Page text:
Gemma Germains, senior content strategist at Dare, writes on the gender pay gap in the creative industry, and how we can expose it, for all our sakes.
I feel sorry for the gender pay gap. It must be hard to sustain slow burn interest in a story with so few new surprises.
In case you lost interest weeks ago, here are the headlines:
80% of UK companies (with 250 or more employees) pay women less than men.
There isn’t a single industry where women are paid the same as men.
The Communication and Information sector (that’s sort of us, the design industry) is one of the top five worst industries for women.
The gender pay gap is the first, small step towards accountability. For every company claiming to be “good for women” there’s now a set of data to prove or dispel their claims.
90% of the Times Top 50 Employers for Women had a gender pay gap. 50% had a gap larger than the national average.
The problem is 94.8% of design and creative tech companies, classed as “micro companies” will never file a report. As one of the UK’s most profitable economies, generating £92 billion a year, we’re all but invisible from the pay gap debate.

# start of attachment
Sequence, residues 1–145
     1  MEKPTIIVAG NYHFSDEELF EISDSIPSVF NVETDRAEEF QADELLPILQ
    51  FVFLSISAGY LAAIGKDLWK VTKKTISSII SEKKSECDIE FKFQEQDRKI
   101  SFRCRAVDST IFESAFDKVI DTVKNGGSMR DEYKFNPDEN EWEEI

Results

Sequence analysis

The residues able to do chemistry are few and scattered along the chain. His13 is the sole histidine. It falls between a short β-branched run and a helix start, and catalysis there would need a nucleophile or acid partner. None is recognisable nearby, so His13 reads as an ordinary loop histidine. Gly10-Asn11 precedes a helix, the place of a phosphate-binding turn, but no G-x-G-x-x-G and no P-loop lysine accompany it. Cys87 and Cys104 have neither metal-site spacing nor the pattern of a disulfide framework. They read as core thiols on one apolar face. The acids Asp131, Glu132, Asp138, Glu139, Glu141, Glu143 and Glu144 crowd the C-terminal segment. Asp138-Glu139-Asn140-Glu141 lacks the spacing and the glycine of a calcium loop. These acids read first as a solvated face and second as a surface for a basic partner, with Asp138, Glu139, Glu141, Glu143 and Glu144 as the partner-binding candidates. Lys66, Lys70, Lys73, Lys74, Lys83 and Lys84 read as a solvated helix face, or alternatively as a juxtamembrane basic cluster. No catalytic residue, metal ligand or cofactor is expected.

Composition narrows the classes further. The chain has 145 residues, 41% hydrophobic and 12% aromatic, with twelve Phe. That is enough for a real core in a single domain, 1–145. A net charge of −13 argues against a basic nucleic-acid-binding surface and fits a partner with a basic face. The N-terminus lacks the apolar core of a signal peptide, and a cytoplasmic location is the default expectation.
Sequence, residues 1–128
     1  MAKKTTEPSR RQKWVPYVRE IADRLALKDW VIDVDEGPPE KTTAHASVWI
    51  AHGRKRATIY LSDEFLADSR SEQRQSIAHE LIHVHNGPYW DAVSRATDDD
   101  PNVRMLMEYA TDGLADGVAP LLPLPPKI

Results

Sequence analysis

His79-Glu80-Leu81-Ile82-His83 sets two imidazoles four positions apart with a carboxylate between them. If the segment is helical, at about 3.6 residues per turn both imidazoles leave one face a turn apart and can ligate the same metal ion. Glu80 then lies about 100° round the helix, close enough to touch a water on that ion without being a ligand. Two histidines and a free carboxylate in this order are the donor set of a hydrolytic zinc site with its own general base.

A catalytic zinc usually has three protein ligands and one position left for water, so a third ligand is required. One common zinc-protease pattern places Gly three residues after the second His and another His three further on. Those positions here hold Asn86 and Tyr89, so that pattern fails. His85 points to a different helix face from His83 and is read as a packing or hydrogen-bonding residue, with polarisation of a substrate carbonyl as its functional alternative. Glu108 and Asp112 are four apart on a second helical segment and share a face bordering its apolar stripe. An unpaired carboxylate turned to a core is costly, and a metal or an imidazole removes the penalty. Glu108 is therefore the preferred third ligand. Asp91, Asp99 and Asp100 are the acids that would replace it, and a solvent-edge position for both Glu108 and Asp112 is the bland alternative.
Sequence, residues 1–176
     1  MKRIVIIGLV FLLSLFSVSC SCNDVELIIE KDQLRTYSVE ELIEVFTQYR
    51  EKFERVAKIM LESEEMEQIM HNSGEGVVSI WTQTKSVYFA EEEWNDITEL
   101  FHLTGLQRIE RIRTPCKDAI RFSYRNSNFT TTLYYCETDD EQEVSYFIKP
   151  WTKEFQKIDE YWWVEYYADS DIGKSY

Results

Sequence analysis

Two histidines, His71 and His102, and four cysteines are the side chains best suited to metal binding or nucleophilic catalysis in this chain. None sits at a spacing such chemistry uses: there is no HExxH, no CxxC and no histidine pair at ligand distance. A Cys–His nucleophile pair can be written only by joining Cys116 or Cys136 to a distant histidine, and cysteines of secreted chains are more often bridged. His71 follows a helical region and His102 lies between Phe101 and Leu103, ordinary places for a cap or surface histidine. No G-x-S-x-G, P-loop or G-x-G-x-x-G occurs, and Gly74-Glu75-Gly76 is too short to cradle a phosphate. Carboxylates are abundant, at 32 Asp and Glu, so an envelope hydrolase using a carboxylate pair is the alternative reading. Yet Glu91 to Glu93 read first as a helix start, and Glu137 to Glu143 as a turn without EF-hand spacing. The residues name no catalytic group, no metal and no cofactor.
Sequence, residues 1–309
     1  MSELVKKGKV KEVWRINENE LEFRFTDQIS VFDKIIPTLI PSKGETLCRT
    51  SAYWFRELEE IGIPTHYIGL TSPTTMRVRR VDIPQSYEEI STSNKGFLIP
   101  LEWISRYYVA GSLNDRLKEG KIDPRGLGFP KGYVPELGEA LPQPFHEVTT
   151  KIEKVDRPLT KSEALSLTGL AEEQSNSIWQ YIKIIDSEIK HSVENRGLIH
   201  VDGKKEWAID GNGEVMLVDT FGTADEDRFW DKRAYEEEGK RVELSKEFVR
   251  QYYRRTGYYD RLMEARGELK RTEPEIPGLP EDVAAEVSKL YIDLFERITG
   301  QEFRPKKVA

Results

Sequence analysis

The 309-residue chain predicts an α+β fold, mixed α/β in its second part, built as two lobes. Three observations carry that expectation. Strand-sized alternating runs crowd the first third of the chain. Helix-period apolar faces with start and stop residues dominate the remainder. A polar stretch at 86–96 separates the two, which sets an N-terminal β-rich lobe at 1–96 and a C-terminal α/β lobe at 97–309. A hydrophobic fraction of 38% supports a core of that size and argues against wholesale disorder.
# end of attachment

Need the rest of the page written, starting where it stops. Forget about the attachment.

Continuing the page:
There are enough stats knocking around to paint a pretty grim picture of our sector.
The industry is 88% white and 54% male. 81% of our decision makers are male.
The gender pay gap is name and shame on a national level. Naming comes with culpability. Shaming forces someone to actually take responsibility.
As an industry, we know things are bad. We also don’t think that “we” have a problem. Generalised numbers and anonymous surveys make discrimination always someone else’s fault.
So far, I can think of only one agency (full disclosure, it’s mine) that has voluntarily published their gap (4% yo). And while it’s admirable they would want to, it doesn’t solve any immediate problems. A load of good agencies, publishing good numbers would actually make things worse.
Look at the kicking Missguided is getting for their faux feminist rhetoric and 46% gap. Imbalanced design agencies have no reason to volunteer their stats.
Given the money we generate, it’s alarming the majority of the creative industries aren’t governed by the same rules as the rest of the UK. We’re a wealthy, powerful industry that somehow gets to make up the rules as we go along (for example the annual reminder that unpaid internships are still illegal).
We need our governing bodies to step in and take charge now. Membership should be limited to those who publish. Awards open only to those who publish. Research, insight and training afforded only to those who publish.
Yeah, it’s draconian but it’s necessary. We’ve proven time and again we can’t be trusted to look after ourselves.